WSJ: – U.S. Government bonds set for quarterly price rally. – Treasury bonds strengthened on Monday, headed for the second straight quarterly rally that continues to confound bears expecting prices to sell off.
Investment Grade Bonds
Businessweek: – Ontario regulator to review corporate bond market Transparency. – The Ontario Securities Commission said it will review corporate bond trading practices to determine whether it should take a more active role to ensure transparency in the C$57 billion ($53.4 billion) market.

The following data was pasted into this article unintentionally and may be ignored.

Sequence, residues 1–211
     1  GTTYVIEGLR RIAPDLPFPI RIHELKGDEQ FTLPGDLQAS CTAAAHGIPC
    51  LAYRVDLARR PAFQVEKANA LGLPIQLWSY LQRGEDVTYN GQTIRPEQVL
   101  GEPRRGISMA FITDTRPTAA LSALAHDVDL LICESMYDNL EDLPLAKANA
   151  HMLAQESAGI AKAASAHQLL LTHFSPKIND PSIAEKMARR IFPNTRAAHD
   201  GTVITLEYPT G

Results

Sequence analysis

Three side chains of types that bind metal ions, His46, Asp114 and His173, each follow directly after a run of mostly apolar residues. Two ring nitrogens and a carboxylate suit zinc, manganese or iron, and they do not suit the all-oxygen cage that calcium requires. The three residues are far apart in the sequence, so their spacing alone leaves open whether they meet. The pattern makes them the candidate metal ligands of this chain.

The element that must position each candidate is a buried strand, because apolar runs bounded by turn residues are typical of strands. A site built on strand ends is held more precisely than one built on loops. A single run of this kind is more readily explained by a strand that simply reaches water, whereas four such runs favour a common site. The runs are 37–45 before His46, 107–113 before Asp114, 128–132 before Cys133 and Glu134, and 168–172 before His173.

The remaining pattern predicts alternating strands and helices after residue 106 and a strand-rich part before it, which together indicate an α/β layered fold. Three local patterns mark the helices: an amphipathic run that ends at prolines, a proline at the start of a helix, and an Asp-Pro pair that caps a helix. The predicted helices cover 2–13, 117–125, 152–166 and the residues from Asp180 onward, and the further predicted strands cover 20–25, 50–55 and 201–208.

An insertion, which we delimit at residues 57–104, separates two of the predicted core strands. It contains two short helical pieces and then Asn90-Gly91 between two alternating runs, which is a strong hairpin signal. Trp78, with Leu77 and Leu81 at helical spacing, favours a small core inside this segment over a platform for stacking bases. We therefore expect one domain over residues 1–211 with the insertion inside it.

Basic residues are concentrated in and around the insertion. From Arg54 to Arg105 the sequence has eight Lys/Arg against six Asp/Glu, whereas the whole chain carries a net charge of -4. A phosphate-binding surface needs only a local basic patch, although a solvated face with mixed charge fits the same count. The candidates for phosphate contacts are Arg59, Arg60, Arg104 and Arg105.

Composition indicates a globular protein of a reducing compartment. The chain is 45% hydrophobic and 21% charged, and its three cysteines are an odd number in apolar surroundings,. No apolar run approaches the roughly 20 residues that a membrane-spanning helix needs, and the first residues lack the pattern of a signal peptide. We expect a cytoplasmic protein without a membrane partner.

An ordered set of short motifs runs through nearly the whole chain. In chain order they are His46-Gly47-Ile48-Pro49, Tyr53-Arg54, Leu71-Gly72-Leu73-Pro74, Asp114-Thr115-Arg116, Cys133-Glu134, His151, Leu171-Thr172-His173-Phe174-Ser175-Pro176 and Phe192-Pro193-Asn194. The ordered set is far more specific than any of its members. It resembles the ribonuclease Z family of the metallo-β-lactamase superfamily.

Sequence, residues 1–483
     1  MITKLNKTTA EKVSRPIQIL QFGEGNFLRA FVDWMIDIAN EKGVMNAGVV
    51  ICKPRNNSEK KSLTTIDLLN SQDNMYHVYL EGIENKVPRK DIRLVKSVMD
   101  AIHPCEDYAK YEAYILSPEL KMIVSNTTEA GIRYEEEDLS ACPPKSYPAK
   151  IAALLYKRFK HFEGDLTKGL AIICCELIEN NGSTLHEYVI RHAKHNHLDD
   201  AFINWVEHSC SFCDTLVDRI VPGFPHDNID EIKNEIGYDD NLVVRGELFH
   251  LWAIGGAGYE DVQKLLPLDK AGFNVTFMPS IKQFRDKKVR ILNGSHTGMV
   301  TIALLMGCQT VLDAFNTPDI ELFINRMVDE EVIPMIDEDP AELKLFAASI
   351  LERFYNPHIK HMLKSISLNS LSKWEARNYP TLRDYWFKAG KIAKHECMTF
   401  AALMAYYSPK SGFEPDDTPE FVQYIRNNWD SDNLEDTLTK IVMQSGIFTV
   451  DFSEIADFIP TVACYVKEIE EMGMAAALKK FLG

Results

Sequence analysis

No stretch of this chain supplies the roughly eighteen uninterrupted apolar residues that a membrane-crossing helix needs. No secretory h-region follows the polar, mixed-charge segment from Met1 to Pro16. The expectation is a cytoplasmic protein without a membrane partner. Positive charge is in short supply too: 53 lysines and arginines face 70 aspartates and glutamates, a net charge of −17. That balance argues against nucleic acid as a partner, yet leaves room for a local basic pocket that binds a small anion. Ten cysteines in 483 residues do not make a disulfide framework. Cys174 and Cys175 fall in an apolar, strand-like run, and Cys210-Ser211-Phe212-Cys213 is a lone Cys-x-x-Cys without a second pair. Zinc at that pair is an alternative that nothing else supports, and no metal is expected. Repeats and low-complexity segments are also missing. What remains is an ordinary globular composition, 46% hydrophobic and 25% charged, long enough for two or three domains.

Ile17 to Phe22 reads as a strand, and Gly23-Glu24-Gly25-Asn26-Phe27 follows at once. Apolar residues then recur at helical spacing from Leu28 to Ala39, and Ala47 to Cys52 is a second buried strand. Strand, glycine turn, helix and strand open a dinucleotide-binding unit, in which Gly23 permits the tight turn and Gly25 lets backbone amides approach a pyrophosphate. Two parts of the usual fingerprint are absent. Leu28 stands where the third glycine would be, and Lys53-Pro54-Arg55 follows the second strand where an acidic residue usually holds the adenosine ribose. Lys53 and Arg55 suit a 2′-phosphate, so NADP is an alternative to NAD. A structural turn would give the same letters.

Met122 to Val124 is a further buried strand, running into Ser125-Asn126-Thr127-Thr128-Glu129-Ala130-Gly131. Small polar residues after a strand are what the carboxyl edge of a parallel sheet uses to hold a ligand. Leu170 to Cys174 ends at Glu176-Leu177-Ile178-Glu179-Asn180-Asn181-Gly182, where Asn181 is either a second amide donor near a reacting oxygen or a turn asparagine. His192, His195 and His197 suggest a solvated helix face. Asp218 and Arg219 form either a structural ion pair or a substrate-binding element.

Fidelity: – Corporates not pricey, regulations make bank bonds best. – Demand for investment grade corporate bonds may be high, especially from pension funds, but the asset class is not too pricey, said David Prothro, portfolio manager for the Fidelity Corporate Bond Fund.
WSJ: – Spreading unease in corporate bond markets. – Drivers know the cautionary phrase “objects in the mirror are closer than they appear.” Buyers of corporate bonds should bear it in mind when looking at spreads, or the extra yield company debt pays over government debt. They may not be as generous as they look.
Income Investing: – Corporate bonds ‘fully valued’ but high yield better than high grade – RBS. – Keeping with the theme of my previous post, RBS weighs in today on whether the generally rich state of corporate bonds means they’re in for a fall after their strong first-half gains, or if the same powerful technical forces can continue to keep them afloat.
High Yield Bonds